Linux.com

rtime.3

RTIME

Section: Linux Programmer's Manual (3)
Updated: 2008-07-12
Index Return to Main Contents
 

NAME

rtime - get time from a remote machine  

SYNOPSIS

#include <rpc/des_crypt.h>

int rtime(struct sockaddr_in *addrp, struct rpc_timeval *timep,
          struct rpc_timeval *timeout);
 

DESCRIPTION

This function uses the Time Server Protocol as described in RFC 868 to obtain the time from a remote machine.

The Time Server Protocol gives the time in seconds since 00:00:00 UTC, 1 Jan 1900, and this function subtracts the appropriate constant in order to convert the result to seconds since 00:00:00 UTC, 1 Jan 1970, the Unix Epoch.

When timeout is non-NULL, the udp/time socket (port 37) is used. Otherwise, the tcp/time socket (port 37) is used.  

RETURN VALUE

On success, 0 is returned, and the obtained 32-bit time value is stored in timep->tv_sec. In case of error -1 is returned, and errno is set appropriately.  

ERRORS

All errors for underlying functions (sendto(2), poll(2), recvfrom(2), connect(2), read(2)) can occur. Moreover:
EIO
The number of returned bytes is not 4.
ETIMEDOUT
The waiting time as defined in timeout has expired.
 

NOTES

Only IPv4 is supported.

Some in.timed versions only support TCP. Try the example program with use_tcp set to 1.

Libc5 uses the prototype
int rtime(struct sockaddr_in *, struct timeval *, struct timeval *);
and requires <sys/time.h> instead of <rpc/auth_des.h>.  

BUGS

rtime() in glibc 2.2.5 and earlier does not work properly on 64-bit machines.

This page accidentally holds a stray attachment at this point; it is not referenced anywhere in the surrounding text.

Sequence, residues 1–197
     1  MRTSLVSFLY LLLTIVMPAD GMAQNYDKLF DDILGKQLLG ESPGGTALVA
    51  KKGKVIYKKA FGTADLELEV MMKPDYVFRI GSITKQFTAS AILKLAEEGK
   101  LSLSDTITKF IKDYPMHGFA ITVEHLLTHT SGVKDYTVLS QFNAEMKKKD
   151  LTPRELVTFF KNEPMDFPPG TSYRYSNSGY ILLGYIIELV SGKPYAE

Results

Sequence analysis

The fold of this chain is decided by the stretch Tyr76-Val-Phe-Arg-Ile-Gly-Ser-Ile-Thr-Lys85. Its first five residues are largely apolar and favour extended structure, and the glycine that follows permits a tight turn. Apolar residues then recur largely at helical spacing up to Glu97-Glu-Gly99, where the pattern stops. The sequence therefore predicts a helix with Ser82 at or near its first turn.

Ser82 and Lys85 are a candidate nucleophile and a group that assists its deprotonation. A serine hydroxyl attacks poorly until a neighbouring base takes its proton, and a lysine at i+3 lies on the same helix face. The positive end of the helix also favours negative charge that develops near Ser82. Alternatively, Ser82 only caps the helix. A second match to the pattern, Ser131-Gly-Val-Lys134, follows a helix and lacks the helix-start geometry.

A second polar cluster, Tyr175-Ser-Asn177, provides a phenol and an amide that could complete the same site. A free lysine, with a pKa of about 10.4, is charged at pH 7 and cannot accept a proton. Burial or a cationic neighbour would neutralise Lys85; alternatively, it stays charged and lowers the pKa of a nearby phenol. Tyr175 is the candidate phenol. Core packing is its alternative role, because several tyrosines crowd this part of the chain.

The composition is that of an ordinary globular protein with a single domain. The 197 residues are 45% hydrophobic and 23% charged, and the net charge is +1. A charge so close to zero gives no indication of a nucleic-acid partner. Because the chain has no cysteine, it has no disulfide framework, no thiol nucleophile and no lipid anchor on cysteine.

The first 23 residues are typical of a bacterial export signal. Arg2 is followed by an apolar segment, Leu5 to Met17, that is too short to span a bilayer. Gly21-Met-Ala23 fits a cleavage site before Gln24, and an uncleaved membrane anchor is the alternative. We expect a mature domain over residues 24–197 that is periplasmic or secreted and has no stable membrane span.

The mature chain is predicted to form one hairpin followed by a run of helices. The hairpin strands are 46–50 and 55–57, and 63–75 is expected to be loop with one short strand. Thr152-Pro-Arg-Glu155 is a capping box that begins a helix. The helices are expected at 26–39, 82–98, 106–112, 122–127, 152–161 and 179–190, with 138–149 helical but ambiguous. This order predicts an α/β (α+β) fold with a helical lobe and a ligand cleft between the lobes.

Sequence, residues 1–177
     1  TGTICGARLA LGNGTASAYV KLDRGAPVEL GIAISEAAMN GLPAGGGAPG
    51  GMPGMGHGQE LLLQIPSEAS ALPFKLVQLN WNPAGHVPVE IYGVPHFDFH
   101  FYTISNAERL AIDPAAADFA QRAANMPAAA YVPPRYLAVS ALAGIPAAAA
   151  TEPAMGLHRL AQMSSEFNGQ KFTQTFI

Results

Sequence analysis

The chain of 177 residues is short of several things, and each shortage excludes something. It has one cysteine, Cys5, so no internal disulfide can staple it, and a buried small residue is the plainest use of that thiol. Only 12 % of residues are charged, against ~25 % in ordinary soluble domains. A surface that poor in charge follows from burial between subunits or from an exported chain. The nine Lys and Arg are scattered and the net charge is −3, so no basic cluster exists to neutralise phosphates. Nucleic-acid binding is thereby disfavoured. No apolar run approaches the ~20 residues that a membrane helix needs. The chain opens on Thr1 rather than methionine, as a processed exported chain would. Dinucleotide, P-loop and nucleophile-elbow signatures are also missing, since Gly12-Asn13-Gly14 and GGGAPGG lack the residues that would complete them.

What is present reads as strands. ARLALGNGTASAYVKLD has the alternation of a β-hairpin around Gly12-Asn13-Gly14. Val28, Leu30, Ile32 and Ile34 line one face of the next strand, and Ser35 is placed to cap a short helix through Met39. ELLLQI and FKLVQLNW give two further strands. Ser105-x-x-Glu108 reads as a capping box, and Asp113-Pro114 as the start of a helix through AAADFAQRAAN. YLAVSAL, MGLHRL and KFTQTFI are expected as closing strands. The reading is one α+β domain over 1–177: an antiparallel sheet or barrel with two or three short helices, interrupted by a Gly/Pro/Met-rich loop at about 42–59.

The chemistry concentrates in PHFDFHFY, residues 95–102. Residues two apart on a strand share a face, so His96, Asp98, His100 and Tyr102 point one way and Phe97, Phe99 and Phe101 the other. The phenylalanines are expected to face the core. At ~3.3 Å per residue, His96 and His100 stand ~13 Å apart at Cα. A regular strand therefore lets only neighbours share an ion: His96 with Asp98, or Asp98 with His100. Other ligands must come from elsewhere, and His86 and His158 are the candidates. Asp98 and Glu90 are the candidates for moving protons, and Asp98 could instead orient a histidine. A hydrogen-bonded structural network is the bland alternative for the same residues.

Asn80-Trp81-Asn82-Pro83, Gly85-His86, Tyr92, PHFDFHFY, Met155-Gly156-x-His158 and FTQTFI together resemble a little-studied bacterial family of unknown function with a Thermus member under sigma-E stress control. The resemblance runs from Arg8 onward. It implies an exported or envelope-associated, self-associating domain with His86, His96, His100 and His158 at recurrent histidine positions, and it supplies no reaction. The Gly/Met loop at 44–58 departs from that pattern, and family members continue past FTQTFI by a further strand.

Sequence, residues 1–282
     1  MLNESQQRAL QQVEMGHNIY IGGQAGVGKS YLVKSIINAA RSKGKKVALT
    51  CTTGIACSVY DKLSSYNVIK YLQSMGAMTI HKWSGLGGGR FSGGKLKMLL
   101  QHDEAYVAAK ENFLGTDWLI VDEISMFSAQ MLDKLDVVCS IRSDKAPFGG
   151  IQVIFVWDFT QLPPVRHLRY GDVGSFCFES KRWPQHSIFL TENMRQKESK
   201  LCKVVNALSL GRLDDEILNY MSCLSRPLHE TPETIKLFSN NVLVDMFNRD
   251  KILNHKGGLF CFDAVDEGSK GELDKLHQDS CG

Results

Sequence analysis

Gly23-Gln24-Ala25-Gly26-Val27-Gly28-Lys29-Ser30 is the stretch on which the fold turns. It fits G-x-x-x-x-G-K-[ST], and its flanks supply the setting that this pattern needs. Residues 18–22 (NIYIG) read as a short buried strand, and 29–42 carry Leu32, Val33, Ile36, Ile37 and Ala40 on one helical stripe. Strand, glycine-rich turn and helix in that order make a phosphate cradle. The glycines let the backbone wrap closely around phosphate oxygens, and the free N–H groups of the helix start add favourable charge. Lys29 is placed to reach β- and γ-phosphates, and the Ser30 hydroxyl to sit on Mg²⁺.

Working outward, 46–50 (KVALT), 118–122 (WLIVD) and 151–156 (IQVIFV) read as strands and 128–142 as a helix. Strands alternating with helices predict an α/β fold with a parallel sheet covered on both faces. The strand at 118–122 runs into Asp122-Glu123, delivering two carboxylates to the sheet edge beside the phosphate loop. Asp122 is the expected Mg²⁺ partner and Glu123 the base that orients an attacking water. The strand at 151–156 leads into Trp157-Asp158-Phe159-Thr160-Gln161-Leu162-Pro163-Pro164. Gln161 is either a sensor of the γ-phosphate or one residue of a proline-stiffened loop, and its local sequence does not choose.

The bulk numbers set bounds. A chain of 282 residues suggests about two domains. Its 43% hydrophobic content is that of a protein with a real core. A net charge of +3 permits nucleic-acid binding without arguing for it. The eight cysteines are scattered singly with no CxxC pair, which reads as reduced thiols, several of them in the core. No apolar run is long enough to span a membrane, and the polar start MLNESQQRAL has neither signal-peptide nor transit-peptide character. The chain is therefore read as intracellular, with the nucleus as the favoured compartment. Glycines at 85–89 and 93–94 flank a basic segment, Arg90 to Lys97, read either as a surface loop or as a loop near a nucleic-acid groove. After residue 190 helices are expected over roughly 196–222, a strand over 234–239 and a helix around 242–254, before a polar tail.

EXAMPLE

This example requires that port 37 is up and open. You may check that the time entry within /etc/inetd.conf is not commented out.
The program connects to a computer called "linux". Using "localhost" does not work. The result is the localtime of the computer "linux".

#include <stdio.h>
#include <stdlib.h>
#include <errno.h>
#include <string.h>
#include <time.h>
#include <rpc/auth_des.h>
#include <netdb.h>

int use_tcp = 0;
char *servername = "linux";

int
main(void)
{
    struct sockaddr_in name;
    struct rpc_timeval time1 = {0,0};
    struct rpc_timeval timeout = {1,0};
    struct hostent *hent;
    int ret;

    memset((char *) &name, 0, sizeof(name));
    sethostent(1);
    hent = gethostbyname(servername);
    memcpy((char *) &name.sin_addr, hent->h_addr, hent->h_length);

    ret = rtime(&name, &time1, use_tcp ? NULL : &timeout);
    if (ret < 0)
        perror("rtime error");
    else
        printf("%s\n", ctime((time_t *) &time1.tv_sec));

    exit(EXIT_SUCCESS);
}
 

SEE ALSO

ntpdate(1), inetd(8)  

COLOPHON

This page is part of release 3.21 of the Linux man-pages project. A description of the project, and information about reporting bugs, can be found at http://www.kernel.org/doc/man-pages/.


 

Index

NAME
SYNOPSIS
DESCRIPTION
RETURN VALUE
ERRORS
NOTES
BUGS
EXAMPLE
SEE ALSO
COLOPHON

 

Comments

Subscribe to Comments Feed

Upcoming Linux Foundation Courses

  1. LFD331 Developing Linux Device Drivers
    25 Aug » 29 Aug - Virtual
    Details
  2. LFD411 Embedded Linux Development
    25 Aug » 29 Aug - Santa Clara, CA
    Details
  3. LFS422 High Availability Linux Architecture
    08 Sep » 11 Sep - Raleigh, NC
    Details

View All Upcoming Courses

Become an Individual Member
Check out the Friday Funnies

Sign Up For the Linux.com Newsletter


Who we are ?

The Linux Foundation is a non-profit consortium dedicated to the growth of Linux.

More About the foundation...

Frequent Questions

Join / Linux Training / Board